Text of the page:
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  • Prostate Cancer

    Prostate cancer is defined as the growth of malignant cells within the prostate, part of the male productive system. The prostate is a walnut-sized gland located in front of the rectum and below the bladder. Prostate glands (also called the seminal vesicles) are part of the organ that produces most fluids in the semen. The size of the prostate gland enlarges as the male ages.

    Although one of the most common types of cancer among male patients in the US, the development of prostate cancer is often slow (indolent). There is a high chance of successful treatment when detected in the early stages. A simple blood test focusing on the prostate-specific antigen (PSA) produced by the prostate can measure the level of protein in the blood and detect any abnormalities. Another method to detect prostate cancer is a digital rectal exam (DRE). The doctor examines the patient’s lower rectum, pelvis, and lower belly and physically searches for an abnormal mass. 

    There are five types of prostate cancer: 

    • Acinar adenocarcinoma: In general, adenocarcinoma is a type of cancer that starts in glandular (mucus-producing) cells. Acinar adenocarcinomas are the most common type, consisting of 95 percent of prostate cancer cases. 
    • Ductal adenocarcinoma: This starts in cells that line in the ducts (tubes) of the prostate gland and tends to grow and spread more quickly than acinar adenocarcinoma. It is a rare, aggressive, and histologic variant of prostate cancer.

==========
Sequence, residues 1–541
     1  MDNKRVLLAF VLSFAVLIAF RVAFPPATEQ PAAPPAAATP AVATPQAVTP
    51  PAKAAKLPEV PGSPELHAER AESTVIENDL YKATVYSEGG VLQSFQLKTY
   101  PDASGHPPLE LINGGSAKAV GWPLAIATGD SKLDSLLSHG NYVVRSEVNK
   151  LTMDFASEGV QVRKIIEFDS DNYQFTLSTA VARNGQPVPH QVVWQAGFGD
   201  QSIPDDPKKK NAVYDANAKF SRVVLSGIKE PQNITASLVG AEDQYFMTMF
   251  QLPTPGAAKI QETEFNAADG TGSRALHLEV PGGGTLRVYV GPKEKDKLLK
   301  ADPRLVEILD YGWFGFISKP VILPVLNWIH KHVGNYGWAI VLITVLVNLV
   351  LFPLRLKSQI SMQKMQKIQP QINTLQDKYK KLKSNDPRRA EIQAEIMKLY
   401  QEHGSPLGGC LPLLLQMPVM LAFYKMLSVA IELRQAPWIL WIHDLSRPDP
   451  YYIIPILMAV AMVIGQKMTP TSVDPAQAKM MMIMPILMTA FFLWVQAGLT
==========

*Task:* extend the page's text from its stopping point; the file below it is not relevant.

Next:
• Transitional cell (or urothelial) cancer: It is the type that starts in the urethra, which is the tube carrying urine to the outside of the body. Transitional cell cancer usually starts in the bladder and then spreads into the prostate. In some cases, it first begins in the prostate and then spreads into the bladder entrance and the nearby tissues. 
    • Squamous cell cancer: This is a rare type of prostate cancer that starts in the flat cells covering the prostate. 
    • Small cell prostate cancer: Small cell prostate cancer comprises small round cells. It’s rare and a type of neuroendocrine cancer. 



    Prostate Cancer Symptoms

    The prostate is largely made up of muscle fibers and glands, and its main function is to produce semen to deliver sperm. Prostate cancer is a malignant tumor that arises especially from the outer part of the prostate gland and spreads to the inner parts of the prostate as it grows.

    There are many symptoms of advanced prostate cancer. The most common symptoms experienced by patients include:

    • Intermittent flow during urination and the feeling that the bladder is not completely emptied
    • Frequent urination at night and while asleep
    • Burning and pain during urination
    • Blood in the urine
    • Feeling discomfort or pain when sitting due to enlargement of the prostate
    • Blood in the seminal fluid released during intercourse or masturbation

    What are Prostate Cancer Signs and Symptoms?

    Most prostate cancers are found early through screening because early prostate cancer does not usually cause symptoms. Some symptoms of more advanced prostate cancer can include:

    • Urination problems
    • Blood in the urine or semen
    • Erectile dysfunction
    • Hip, back, and chest pain if the cancer has spread to the bones
    • Weakness or numbness in the legs and feet.

    These symptoms are more often caused by other issues than prostate cancer, but you should visit your doctor to determine the cause if you experience any of the above symptoms.